The Internal Revenue Service announced on Monday that it would “transition away” from the use of a third-party facial recognition service. The discontinuation of the service comes amid pushback from privacy advocates and lawmakers.
The IRS said it used the facial-recognition system “to help authenticate people creating new online accounts.” The IRS said the transition out of using the facial recognition system will take place over the coming weeks “in order to prevent larger disruptions to taxpayers during filing season.”
According to the Associated Press, the IRS had contracted with the third-party service ID.me for the facial recognition effort. While the facial recognition service isn’t required for tax filing or to receive a refund, the IRS announced in November that taxpayers wishing to securely access their tax information would need to sign up for an account with ID.me.
The discontinuation of the facial recognition effort came on the same day Sen. Ron Wyden (D-OR), the chairman of the Senate Finance Committee, sent a letter to the agency, calling on them to stop using the facial recognition service.
“While the IRS had the best of intentions — to prevent criminals from accessing Americans’ tax records, using them to commit identity theft, and make off with other people’s tax refunds,” Wyden wrote, “it is simply unacceptable to force Americans to submit to scans using facial recognition technology as a condition of interacting with the government online, including to access essential government programs.”
Wyden wrote that in addition to privacy and civil liberties concerns, “the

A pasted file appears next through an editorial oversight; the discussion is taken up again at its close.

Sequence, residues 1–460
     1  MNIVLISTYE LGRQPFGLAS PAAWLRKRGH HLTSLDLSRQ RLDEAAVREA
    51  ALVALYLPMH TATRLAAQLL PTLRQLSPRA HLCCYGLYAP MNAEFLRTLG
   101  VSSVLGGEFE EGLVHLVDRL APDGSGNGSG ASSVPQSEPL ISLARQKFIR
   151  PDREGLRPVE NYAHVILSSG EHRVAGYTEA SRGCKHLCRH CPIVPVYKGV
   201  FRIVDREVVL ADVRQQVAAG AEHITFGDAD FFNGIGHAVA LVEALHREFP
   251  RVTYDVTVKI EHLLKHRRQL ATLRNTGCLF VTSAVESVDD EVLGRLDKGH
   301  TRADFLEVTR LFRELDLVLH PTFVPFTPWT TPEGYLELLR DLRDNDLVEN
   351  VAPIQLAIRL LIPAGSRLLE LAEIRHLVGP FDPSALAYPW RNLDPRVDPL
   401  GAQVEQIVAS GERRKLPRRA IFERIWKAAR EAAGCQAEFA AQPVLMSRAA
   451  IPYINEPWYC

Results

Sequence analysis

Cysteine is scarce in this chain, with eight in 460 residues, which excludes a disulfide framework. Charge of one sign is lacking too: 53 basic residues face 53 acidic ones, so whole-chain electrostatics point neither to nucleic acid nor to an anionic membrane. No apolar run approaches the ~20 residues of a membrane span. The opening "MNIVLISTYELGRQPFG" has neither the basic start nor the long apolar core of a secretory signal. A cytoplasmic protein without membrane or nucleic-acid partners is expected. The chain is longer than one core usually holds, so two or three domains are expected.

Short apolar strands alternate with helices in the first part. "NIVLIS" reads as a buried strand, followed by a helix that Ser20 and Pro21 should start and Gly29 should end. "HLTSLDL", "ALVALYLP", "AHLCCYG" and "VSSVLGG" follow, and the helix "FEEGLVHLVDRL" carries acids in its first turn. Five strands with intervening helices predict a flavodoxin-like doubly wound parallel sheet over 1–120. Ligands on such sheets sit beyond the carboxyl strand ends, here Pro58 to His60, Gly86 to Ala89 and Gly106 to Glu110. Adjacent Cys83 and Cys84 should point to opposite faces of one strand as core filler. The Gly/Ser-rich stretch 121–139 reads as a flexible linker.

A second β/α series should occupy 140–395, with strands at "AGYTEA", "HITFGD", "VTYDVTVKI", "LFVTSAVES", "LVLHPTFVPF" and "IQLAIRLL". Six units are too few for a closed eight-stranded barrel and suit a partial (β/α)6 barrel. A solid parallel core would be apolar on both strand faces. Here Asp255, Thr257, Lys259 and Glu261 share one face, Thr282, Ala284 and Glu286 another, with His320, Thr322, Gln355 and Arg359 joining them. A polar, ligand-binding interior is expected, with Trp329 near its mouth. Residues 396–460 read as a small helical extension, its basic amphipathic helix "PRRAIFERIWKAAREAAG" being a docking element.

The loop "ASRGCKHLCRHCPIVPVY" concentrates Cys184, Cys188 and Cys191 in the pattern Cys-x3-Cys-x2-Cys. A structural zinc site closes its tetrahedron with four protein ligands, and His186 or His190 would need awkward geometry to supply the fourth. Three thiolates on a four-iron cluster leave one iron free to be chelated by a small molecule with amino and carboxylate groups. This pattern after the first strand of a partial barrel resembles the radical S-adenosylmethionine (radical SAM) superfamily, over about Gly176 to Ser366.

infrastructure that powers digital identity, particularly when used to access government websites, should be run by the government.”
In January, Albert Fox Cahn, the executive director of the digital rights advocacy group Surveillance Technology Oversight Project (STOP) said ID.me’s facial recognition service is “biased, error prone, and invasive.”
“We shouldn’t have to forfeit our face just to pay a tax bill. It’s a question of when, not if, this biometric data is hacked, leaked or misused,” Cahn added. “We also have no accountability for when Americans are wrongly blocked by ID.me because the software doesn’t recognize them. When millions of Americans have limited computer connectivity, how will they now be able to access their tax records?”
On Monday, as the IRS announced its decision to abandon the facial recognition service, IRS Commissioner Chuck Rettig said, “The IRS takes taxpayer privacy and security seriously, and we understand the concerns that have been raised. Everyone should feel comfortable with how their personal information is secured, and we are quickly pursuing short-term options that do not involve facial recognition.”
Reacting to the IRS’ decision on Monday, Cahn said the agency “made the right call, but it shouldn’t have taken national outrage to stop this.”